Skip to main content

Culture and Creativity


The European Commission considers the audiovisual sector as vital to safeguarding Europe’s cultural diversity and sovereignty. Therefore, the EU supports the industry in order to increase the general level of media literacy, to strengthen the sector and make it more competitive, and to increase the distribution of audiovisual works across borders in Europe and beyond.

Current challenges of the audiovisual sector

The sector - film, broadcasting (tv/radio), video and multimedia activities - has gone through rapid changes due to the technological and digital revolutions of the past decade that have reshaped how audiovisual content is produced, distributed and consumed.

This changing pace of technology has created a number of opportunities, as well as challenges, especially the need for professionals to develop new digital skills to improve the quality of the content and to increase the access of audiences to it.

In addition, the availability of a far wider array of information sources may increase citizens’ exposure to misleading or outright false information. This situation therefore represents a major challenge for democracy in the European Union.

The European Commission 's role

To address these challenges the Commission supports a variety of actions:

EU’s Multimedia Actions

These actions aim to strengthen news reporting on EU affairs from pan-European points of view, for instance by comparing different viewpoints present within Europe.

Media Literacy

The main goal is to improve the capacity of citizens of all ages to access media and develop a critical understanding and command of media. This includes the capability to navigate through modern news environment and take informed decisions.


Aiming to implement a clear, comprehensive and broad set of actions to tackle the spread and impact of online disinformation in Europe and ensure the protection of European values and democratic systems.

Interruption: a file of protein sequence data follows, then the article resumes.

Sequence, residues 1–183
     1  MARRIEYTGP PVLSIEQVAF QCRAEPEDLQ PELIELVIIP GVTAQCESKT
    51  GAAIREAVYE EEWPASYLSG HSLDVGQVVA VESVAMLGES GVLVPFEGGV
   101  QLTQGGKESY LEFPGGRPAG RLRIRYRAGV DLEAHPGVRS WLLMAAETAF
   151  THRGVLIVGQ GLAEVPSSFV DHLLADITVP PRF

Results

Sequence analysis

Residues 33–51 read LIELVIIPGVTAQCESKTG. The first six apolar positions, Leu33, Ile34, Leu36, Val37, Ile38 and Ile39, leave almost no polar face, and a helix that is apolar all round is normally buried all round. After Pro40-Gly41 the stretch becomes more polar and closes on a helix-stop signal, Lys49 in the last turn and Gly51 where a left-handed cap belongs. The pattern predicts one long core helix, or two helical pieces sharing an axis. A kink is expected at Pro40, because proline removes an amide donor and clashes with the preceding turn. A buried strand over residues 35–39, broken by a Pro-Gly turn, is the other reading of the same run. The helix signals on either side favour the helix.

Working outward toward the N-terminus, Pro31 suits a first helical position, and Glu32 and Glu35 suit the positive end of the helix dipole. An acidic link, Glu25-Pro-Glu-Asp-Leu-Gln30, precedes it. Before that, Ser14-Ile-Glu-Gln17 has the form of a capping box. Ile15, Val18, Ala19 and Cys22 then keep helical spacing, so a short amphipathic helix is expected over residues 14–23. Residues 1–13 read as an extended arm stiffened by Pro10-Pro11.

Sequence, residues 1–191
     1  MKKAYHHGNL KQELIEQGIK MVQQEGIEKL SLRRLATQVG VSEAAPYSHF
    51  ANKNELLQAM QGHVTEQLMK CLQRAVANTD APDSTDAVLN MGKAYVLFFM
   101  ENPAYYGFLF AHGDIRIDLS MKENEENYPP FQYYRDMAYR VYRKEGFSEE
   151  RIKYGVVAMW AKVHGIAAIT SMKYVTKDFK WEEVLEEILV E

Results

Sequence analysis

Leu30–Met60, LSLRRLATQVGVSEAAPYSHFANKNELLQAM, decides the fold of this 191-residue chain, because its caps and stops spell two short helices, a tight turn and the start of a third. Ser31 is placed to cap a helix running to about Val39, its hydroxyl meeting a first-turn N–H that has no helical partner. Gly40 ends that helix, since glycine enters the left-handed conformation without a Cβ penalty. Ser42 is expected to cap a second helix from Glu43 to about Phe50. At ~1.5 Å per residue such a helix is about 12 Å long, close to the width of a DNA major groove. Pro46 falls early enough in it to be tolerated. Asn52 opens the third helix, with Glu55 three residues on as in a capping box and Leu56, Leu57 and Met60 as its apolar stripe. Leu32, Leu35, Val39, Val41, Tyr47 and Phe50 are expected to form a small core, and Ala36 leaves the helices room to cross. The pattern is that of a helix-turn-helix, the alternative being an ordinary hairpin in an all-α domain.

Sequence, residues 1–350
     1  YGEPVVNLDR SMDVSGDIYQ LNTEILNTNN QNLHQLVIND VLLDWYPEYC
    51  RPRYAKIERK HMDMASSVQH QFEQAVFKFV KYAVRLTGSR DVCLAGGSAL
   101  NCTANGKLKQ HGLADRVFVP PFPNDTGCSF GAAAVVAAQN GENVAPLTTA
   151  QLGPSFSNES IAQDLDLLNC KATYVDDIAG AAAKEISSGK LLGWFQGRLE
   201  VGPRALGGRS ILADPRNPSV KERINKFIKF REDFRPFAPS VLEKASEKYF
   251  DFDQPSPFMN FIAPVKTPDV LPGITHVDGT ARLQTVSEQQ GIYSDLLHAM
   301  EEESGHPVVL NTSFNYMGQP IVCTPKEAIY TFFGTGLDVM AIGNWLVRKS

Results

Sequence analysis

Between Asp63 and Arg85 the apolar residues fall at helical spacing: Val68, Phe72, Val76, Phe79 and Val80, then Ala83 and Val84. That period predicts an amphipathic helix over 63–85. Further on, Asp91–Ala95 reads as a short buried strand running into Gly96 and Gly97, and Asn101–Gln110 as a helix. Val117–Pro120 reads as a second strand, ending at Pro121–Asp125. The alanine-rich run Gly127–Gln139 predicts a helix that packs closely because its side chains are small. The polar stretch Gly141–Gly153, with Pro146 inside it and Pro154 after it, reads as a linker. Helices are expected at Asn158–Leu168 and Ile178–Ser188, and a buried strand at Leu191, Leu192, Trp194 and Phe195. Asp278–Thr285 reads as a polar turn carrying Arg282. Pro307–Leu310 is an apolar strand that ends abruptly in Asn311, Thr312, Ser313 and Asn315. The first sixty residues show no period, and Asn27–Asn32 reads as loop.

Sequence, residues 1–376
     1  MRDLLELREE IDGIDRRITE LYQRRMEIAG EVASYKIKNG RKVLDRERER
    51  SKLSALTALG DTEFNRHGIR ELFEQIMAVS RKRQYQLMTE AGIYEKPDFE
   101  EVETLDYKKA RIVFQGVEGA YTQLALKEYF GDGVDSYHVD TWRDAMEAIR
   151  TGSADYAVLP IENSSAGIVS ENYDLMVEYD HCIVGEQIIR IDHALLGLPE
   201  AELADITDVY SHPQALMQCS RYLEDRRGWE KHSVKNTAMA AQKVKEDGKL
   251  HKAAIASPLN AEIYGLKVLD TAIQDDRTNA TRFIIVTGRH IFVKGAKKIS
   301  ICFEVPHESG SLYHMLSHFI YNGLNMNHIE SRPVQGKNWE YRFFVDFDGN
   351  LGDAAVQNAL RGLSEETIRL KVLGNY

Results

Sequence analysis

The Creative Europe MEDIA programme

The programme supports the European film and other audiovisual industries. Since 1991, MEDIA has been supporting the sector with a series of measures such as

  • trainings for professionals
  • development of film and videogames
  • distribution of audiovisual works
  • support to festivals, markets, cinemas and audience development projects

Creative Europe MEDIA also includes measures to support cooperation between European and international audiovisual professionals.

The Commission also coordinates policymaking, research, dialogue with stakeholders, expert groups and reporting on each of the actions, as well as fostering cooperation between Member States.


The Commission has carried out a variety of studies, reports, and data-gathering exercises to improve the body of evidence at its disposal for policymaking. It has also worked on several directives and action plans addressing the new digital challenges, among which

Regarding Creative Europe MEDIA, as part of the Digital Single Market strategy, the Juncker Commission put cinema and the audiovisual sector high on its political and legislative agenda to bring tangible benefits to filmmakers and creators. This resulted in bigger access to more films, TV series and other audiovisual works across borders.

What are the next steps?

The Commission will continue to support the sector at all levels. More in particular, Creative Europe MEDIA will continue under a new multi-annual financial framework from 2021 to 2027 with a reinforced budget and stronger actions focusing on supporting the industry to increase collaboration across borders, to embrace innovation, new technologies and new business models, and to put audiences at front.